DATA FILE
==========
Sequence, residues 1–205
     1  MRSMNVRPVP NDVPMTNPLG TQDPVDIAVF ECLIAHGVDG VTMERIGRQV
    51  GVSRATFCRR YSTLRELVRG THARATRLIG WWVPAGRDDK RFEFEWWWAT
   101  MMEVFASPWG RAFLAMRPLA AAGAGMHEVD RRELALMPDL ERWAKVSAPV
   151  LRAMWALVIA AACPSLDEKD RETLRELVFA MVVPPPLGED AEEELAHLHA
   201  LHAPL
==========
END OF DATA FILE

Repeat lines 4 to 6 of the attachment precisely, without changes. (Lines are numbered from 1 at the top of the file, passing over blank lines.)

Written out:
   101  MMEVFASPWG RAFLAMRPLA AAGAGMHEVD RRELALMPDL ERWAKVSAPV
   151  LRAMWALVIA AACPSLDEKD RETLRELVFA MVVPPPLGED AEEELAHLHA
   201  LHAPL